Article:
Research Article

Structure of the large ribosomal subunit from human mitochondria

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Science  07 Nov 2014:
Vol. 346, Issue 6210, pp. 718-722
DOI: 10.1126/science.1258026

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Making mitochondrial hydrophobic proteins

Mitochondria produce chemical energy for the cell. Human mitochondria have their own specific ribosomes—mitoribosomes, which are distinct from cytoplasmic ribosomes. Mitoribosomes synthesize the mitochondrial membrane proteins that generate the chemical energy. Brown et al. used cryo–electron microscopy to determine the high-resolution structure of the large subunit of the human mitoribosome. The mitoribosome has a number of unique features, including an exit tunnel lined with hydrophobic amino acid residues.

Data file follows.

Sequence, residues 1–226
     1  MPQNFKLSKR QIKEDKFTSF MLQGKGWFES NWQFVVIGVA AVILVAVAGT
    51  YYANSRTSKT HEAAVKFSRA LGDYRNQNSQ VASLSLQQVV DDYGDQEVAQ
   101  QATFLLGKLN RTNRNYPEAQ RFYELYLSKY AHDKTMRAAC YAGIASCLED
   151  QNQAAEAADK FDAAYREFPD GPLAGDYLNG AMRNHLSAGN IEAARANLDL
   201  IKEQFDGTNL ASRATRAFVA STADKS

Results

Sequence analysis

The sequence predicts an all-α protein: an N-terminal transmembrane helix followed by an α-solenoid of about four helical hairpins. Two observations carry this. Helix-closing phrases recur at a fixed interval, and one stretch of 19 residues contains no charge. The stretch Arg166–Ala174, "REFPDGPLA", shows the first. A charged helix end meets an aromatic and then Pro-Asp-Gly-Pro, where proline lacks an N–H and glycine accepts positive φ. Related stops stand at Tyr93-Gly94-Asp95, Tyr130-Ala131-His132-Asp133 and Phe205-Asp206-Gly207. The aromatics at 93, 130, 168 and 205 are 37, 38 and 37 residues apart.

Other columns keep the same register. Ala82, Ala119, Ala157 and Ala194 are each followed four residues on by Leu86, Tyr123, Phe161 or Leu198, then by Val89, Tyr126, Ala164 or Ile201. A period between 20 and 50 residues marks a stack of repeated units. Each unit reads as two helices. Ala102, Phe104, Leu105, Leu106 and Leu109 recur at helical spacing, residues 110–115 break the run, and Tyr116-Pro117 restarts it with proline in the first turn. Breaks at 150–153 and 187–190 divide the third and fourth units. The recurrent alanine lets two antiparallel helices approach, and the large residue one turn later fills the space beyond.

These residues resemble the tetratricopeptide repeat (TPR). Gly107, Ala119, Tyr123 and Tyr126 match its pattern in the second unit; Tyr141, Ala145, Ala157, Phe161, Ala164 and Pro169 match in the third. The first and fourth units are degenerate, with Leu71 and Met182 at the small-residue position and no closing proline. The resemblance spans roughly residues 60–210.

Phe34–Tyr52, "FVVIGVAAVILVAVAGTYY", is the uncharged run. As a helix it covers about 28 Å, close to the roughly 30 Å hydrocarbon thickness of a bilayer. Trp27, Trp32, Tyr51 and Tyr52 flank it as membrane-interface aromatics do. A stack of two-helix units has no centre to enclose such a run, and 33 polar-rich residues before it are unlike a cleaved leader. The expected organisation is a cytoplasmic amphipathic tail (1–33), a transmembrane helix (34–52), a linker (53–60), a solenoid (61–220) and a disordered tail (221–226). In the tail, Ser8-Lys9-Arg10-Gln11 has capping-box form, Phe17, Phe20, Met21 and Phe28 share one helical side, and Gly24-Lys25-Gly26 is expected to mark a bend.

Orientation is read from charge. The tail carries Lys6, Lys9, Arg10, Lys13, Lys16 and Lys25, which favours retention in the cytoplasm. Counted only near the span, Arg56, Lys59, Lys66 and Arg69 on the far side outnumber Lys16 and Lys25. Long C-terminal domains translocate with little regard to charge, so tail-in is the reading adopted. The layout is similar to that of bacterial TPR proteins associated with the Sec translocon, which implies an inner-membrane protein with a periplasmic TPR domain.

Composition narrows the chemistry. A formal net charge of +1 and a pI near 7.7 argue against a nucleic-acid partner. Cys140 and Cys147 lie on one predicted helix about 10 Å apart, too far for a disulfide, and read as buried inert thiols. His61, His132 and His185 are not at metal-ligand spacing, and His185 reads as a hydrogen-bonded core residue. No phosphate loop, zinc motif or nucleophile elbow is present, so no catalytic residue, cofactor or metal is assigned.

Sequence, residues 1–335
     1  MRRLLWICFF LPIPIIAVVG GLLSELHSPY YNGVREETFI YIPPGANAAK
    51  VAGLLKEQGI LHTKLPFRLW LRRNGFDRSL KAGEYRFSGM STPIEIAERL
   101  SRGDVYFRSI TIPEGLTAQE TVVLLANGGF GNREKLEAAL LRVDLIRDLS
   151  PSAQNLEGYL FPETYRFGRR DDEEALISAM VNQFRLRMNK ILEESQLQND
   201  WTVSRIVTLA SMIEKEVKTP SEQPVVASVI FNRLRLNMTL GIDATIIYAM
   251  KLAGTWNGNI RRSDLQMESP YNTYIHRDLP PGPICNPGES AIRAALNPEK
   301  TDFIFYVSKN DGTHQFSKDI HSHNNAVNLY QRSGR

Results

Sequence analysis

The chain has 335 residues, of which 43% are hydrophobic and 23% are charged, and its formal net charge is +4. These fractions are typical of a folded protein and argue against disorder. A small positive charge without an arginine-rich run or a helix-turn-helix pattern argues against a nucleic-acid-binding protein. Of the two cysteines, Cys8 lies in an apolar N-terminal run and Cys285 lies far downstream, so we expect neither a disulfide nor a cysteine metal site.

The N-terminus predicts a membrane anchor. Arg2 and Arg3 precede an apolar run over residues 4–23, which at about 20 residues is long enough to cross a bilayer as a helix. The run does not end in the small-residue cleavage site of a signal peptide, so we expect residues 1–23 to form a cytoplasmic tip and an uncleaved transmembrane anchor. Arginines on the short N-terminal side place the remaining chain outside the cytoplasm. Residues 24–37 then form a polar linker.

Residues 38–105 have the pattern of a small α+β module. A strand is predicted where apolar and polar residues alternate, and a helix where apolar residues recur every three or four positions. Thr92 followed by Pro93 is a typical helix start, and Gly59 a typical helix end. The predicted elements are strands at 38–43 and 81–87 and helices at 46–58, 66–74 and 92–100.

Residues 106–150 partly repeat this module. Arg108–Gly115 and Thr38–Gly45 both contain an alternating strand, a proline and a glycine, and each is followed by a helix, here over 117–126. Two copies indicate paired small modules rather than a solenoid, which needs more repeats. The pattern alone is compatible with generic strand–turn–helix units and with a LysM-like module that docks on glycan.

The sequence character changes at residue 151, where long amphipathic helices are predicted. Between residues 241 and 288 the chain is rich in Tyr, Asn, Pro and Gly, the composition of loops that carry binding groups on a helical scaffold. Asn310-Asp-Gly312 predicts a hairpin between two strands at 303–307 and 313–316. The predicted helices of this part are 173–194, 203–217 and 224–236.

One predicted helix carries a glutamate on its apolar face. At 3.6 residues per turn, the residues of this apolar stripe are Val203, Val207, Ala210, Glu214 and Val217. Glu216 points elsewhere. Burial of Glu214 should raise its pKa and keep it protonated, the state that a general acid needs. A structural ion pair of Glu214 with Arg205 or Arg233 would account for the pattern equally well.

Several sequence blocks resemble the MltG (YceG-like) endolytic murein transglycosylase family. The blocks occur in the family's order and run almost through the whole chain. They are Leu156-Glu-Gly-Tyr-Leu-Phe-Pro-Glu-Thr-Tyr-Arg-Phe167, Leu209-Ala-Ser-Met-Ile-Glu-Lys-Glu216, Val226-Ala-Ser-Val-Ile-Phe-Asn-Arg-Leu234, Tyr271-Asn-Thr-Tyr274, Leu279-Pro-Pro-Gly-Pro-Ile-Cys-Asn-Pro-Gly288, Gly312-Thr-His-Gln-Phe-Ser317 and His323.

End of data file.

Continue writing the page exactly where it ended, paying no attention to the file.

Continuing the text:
Science, this issue p. 718

Abstract

Human mitochondrial ribosomes are highly divergent from all other known ribosomes and are specialized to exclusively translate membrane proteins. They are linked with hereditary mitochondrial diseases and are often the unintended targets of various clinically useful antibiotics. Using single-particle cryogenic electron microscopy, we have determined the structure of its large subunit to 3.4 angstrom resolution, revealing 48 proteins, 21 of which are specific to mitochondria. The structure unveils an adaptation of the exit tunnel for hydrophobic nascent peptides, extensive remodeling of the central protuberance, including recruitment of mitochondrial valine transfer RNA (tRNAVal) to play an integral structural role, and changes in the tRNA binding sites related to the unusual characteristics of mitochondrial tRNAs.

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